We all know how to rent a typical, cookie-cutter apartment or house. Find a contact number. Set up a walk through. Fill out the application. Pay your fee and wait for a response.
But sometimes typical just doesn’t cut it.
Maybe you’re looking to secure a unique apartment in an irresistible location. Or you might be seeking the only house for rent in a certain school district. Heck, you may even find yourself in New Zealand needing a short-term (three-month) lease when everyone wants a six-month minimum.
Whatever your motivation, here are nine ways you can knock the socks off your next landlord or property manager:
1. Create a rental resume. Treat this like you would a job search. The majority of applications are going to ask for the same information. Put together a basic one- or two-page document containing this commonly requested information. Even if the landlord or property manager makes you fill out the application anyway, at least you’ll already have everything on hand. Be sure to include:
- Full names of everyone on application
- Dates of birth for everyone on application
- Contact information (phone and email)
- Current address (length, landlord information, reason for leaving)
- Previous addresses (with additional information)
- Current employment information (salary, length, contact information)
- Past employment (with additional information)
- Personal references
- Vehicle information (make, model, plates, driver’s license number)
- Pet(s)’ information (breed, size, age)
2. Pull your own credit report. Use AnnualCreditReport.com, if possible. Pulling your own credit report ahead of time will ensure that you are aware of the information contained in the report. If there are any negative marks, be sure to include a written statement of explanation (especially for any bankruptcies, evictions, or missed rent payments).
3. Obtain and include full letters of reference. Most rental applications only ask for the contact information of your references. However, as with a job, you can go the extra mile by including full letters of recommendation from previous landlords, property managers, or apartment complexes. As a property manager, I was more than willing to write these for our best tenants. Many apartment complexes have a standard reference letter they provide to past tenants upon request.
4. Provide copies of commonly requested “further information.” This is especially important for the self-employed or those with inconsistent employment length. Commonly requested information can include copies of recent paystubs, recent years’ tax returns, net-worth statements, bank statements, and income/expense reports for small businesses. Also, landlords may request copies of identification like driver’s licenses, social security cards, or birth certificates.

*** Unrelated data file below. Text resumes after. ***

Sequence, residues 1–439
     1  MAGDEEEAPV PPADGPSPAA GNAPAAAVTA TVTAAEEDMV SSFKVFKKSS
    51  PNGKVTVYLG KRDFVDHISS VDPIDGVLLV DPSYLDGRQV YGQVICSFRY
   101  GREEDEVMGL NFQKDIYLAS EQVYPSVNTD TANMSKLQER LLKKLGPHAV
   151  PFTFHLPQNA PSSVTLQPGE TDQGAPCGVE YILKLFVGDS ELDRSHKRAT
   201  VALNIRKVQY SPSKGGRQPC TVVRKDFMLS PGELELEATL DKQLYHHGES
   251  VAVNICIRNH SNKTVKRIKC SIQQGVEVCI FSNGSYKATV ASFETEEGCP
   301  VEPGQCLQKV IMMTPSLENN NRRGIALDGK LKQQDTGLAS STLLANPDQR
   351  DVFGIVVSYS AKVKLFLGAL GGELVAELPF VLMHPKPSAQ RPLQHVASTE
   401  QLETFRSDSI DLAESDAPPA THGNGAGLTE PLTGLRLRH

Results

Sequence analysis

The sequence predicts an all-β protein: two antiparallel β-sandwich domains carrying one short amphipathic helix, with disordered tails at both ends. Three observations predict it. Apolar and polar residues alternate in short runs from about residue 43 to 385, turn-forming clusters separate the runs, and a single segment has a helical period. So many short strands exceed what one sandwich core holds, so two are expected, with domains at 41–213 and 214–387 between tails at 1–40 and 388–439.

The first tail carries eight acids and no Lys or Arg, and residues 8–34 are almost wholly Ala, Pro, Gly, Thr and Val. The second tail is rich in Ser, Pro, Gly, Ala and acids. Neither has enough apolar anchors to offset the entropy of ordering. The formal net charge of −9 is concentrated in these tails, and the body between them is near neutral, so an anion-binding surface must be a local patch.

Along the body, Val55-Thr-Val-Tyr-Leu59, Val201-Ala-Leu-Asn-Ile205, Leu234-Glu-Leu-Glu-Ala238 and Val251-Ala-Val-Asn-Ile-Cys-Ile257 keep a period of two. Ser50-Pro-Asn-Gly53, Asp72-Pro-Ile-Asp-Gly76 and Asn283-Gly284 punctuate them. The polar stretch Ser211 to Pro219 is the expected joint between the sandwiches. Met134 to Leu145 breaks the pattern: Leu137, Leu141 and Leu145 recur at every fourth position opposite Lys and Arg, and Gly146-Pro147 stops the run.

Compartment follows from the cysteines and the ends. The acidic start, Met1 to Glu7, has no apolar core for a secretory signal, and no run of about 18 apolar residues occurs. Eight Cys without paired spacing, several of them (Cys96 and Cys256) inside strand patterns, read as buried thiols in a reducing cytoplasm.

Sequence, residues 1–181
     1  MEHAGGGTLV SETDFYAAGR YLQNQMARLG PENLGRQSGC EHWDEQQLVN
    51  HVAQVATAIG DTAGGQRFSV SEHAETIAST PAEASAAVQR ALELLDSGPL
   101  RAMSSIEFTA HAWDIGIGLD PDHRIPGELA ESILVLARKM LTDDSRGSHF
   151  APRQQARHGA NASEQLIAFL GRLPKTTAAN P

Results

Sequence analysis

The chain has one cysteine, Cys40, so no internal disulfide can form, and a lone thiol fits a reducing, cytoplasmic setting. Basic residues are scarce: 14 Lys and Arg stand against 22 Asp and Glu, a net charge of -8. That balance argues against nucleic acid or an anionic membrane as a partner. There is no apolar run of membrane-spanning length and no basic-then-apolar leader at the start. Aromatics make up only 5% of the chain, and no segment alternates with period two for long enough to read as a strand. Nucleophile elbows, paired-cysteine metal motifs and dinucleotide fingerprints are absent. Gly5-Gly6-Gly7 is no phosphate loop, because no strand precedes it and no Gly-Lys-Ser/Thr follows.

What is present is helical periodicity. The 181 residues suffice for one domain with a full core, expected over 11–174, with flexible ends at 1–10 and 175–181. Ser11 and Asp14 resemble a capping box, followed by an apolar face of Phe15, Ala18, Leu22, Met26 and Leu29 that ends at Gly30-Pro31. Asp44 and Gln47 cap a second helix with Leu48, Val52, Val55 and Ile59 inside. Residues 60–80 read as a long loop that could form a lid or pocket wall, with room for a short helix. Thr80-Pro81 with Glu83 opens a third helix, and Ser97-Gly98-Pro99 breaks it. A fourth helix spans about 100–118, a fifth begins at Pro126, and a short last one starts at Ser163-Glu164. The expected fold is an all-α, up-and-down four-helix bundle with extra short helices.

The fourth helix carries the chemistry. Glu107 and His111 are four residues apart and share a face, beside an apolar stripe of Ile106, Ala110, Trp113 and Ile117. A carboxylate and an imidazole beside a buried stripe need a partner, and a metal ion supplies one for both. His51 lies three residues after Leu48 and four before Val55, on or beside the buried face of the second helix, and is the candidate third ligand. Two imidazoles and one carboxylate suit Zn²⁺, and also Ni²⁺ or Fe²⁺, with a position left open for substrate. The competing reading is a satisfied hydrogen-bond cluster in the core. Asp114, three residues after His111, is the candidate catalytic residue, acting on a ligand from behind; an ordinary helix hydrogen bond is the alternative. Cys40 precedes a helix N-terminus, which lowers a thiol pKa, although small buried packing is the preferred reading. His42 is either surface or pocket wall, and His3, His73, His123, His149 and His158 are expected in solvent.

5. Look sharp. Whether you like it or not, appearance does matter, especially for first impressions. Wash the purple dye out of your mohawk, lose the three wolves T-shirt, and dress business casual
6. Be five minutes early. Waiting does not impress anyone.
7. Find common ground. In any social encounter, discussing a topic that is familiar to both parties is one of the fastest ways to build rapport. When Courtney and I were searching for apartments here in Auckland, we talked to many different agents and owners. Early on in each discussion, I brought up the fact that I had owned a property management company back in the United States. It gave us an immediate connection and built instant trust. While you may not have direct real-estate experience, chances are there will be many opportunities for you to find common ground of your own.
8. Know your needs and wants ahead of time. This is important. Decide ahead of time what features are absolute musts and which are more negotiable. For example, you may know that you need a fenced-in backyard for the dog. Or, you may only be willing to consider homes with a detached garage, since you work on cars as a hobby. On the other hand, an included washer/dryer may only be a strong want. You’d be willing to purchase these if the rest of the property fit your needs. Get clear on this distinction and be able to articulate this to your potential landlord or manager.
9. Don’t be afraid to ask questions. As a property manager, I always had a weird feeling about tenants who appeared nervous or who seemed afraid to ask questions. The potential tenants who impressed me the most appeared confident, stated what they were looking for, and asked specific questions about the property. For example, it’s perfectly reasonable (and somewhat expected) to inquire about the average costs of monthly utilities.
Once you’ve established yourself as a strong candidate … leverage it! Knocking the socks off your landlord is not just for fun! After positioning yourself as an ideal applicant, don’t be afraid to start negotiating.
Here in Auckland, Courtney and I had luck negotiating ourselves into a three-month lease, even though it ended in the middle of December (bad timing when trying to re-rent). At our last apartment in the United States, the complex ended up waiving both the application fee and our required deposit.
Try asking for a 10 percent rent discount. Many apartment complexes run unadvertised specials, and the individual landlord will often discount if he believes you’ll be a quality tenant.
I’ve seen people have luck requesting upgrades on appliances or requiring that an owner furnish a washer/dryer when previously it wasn’t included. If your condo or apartment charges extra for amenities (gym, pool, parking), try asking for access to be included in your rent.
Most people are scared because they think it’s uncommon to ask for more. I’ve been on both sides of the rental equation, and this sort of negotiation happens all the time. If you don’t ask, the answer will always be “no.” So get out there, impress some people, and take your apartment or house hunting to the next level!
Originally published on Get Rich Slowly